Residential Real Estate Indicators You Must Know | Think Realty
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Residential Real Estate Indicators You Must Know

Residential-Indicators

Rentals Are “Having a Moment” and You Need To Know Why

Now is the time to buy residential real estate. I have been in the real estate investing business for more than 20 years, and all the signs are there:

  • The stock market is near all-time highs
  • Debt market yields are still historically low
  • Supply and demand factors in residential rentals strongly favor landlords and other investors

 

As of the middle of 2018, buying rental real estate seems like a wonderful opportunity to get a solid long-term return with low risk.

A Good Balance of Risk and Reward

“Residential real estate offers the returns of stocks with the low risks of bonds. It is the best of both worlds,” said Doug Bendt, economic consultant to real estate companies including Roofstock and Investability.

Referencing the graphic below, we can draw two important conclusions about rental (or turnkey) real estate in comparison to other, more traditional investment offerings:

1. Rental properties offer dividends as well as cash flow. This makes their list of benefits similar to that of a publicly traded stock offering, which offers growth and dividends.

What that means to me today:
Based on today’s rent rates, carrying costs, and rising home values, the return side of the rental ownership equation is very attractive.

2. Residential real estate is comparable to bond investments. Rental yields are not nearly as volatile as the stock market, which clearly exhibits dramatic swings. It is steadier, like bonds.

What that means to me today:
I do not expect major surprises for real estate returns in the near future because the fundamentals are very favorable for investors regardless of outside factors.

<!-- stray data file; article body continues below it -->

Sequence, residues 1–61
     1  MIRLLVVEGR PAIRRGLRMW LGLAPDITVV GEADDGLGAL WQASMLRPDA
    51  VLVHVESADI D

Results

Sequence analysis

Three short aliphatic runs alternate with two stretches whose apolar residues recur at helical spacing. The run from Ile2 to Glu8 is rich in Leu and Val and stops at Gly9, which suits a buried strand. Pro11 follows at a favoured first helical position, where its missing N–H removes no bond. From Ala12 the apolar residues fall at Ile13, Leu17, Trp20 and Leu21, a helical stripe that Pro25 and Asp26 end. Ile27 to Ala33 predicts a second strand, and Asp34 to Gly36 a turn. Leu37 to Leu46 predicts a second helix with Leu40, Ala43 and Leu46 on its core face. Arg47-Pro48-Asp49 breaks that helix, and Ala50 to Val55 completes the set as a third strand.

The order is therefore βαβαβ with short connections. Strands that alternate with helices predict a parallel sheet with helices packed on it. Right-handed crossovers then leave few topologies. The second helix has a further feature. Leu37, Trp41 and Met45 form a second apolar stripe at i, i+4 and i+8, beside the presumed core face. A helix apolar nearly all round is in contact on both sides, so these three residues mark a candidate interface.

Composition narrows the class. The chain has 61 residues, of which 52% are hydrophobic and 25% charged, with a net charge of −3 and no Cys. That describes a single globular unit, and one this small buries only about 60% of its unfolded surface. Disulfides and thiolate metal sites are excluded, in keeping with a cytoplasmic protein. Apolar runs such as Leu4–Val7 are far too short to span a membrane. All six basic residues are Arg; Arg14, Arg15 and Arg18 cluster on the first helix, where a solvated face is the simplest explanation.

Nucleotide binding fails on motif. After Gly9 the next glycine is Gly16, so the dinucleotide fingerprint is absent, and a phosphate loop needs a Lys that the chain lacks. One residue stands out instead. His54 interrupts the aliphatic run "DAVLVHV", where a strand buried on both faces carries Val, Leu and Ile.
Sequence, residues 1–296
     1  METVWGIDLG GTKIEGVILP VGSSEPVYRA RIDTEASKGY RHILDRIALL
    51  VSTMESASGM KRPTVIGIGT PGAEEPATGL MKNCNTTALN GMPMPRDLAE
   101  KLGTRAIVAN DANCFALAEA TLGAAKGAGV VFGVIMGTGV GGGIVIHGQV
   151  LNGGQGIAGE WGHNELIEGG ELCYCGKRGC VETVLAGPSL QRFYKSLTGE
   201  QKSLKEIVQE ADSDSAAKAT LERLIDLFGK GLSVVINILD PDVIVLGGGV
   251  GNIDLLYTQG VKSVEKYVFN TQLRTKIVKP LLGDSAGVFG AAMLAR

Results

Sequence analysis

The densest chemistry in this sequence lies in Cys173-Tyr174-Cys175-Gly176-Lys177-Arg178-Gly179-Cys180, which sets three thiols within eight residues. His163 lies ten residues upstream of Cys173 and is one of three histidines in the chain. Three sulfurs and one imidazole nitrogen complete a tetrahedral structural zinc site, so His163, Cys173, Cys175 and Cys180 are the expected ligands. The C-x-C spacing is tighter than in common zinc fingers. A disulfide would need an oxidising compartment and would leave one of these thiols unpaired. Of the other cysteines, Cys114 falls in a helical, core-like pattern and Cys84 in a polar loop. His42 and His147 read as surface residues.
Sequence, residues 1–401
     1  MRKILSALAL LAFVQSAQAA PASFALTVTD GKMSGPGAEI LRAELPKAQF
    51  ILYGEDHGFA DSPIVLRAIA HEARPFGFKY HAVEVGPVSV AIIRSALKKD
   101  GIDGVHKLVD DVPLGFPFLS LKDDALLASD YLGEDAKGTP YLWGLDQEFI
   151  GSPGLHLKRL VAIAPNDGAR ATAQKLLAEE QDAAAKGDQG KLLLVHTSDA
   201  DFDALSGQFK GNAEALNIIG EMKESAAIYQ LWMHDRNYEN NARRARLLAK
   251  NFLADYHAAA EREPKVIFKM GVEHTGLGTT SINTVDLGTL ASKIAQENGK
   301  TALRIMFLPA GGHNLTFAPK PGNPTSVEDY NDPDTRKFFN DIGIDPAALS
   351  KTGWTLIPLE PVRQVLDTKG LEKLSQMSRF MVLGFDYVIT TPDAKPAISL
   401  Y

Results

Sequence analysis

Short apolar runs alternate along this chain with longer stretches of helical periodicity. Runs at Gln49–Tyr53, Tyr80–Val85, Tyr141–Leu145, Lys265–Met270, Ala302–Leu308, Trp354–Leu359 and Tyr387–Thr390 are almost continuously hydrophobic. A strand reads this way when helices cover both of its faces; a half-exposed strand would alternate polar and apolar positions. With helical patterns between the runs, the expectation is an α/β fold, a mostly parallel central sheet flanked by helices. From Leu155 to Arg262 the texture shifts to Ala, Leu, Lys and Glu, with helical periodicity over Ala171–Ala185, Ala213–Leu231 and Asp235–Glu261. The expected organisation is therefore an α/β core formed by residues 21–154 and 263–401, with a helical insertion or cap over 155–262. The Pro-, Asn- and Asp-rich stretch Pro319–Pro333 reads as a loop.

Watch Rental Demand Drivers Carefully
Just like we learned in Economics 101, the two main drivers of the risks and rewards of residential real estate investing are supply and demand. These fundamentals will guide you as you monitor your investments.

Risk-Profile-Chart

Factor 1: Demand
The demand for rental property is increasing because certain factors are preventing renters from becoming buyers. Dennis Cisterna, CEO of Investability, cited eight factors currently driving a rising demand for rentals even though low interest rates might lead you to expect increased home sales. They are:

  1. Low unemployment
  2. High student debt
  3. Low rates of personal savings
  4. Increasing healthcare costs
  5. Tight credit markets for consumers with less-than-stellar credit
  6. Growth in immigration
  7. Growth in the general population
  8. Increasing interest rates

What this tells me today:
Right now, demand for rentals is rising. That is good for landlords and turnkey property owners.

Factor 2: Supply
Three factors presently limit both buyers’ and renters’ options:

  1. Low inventory
  2. Low permits
  3. Minimal homeowner distress

These factors not only make it less likely homeowners are going to sell their homes, but it also makes it harder for potential buyers to purchase them at a price they can afford. Because our housing fundamentals remain strong, it is more likely more homeowners will stay in their current homes than sell because they are not under any pressure to do so.

What this tells me today:
The decreasing supply of residential properties and increasing cost of home purchases make renting a necessity for a growing population.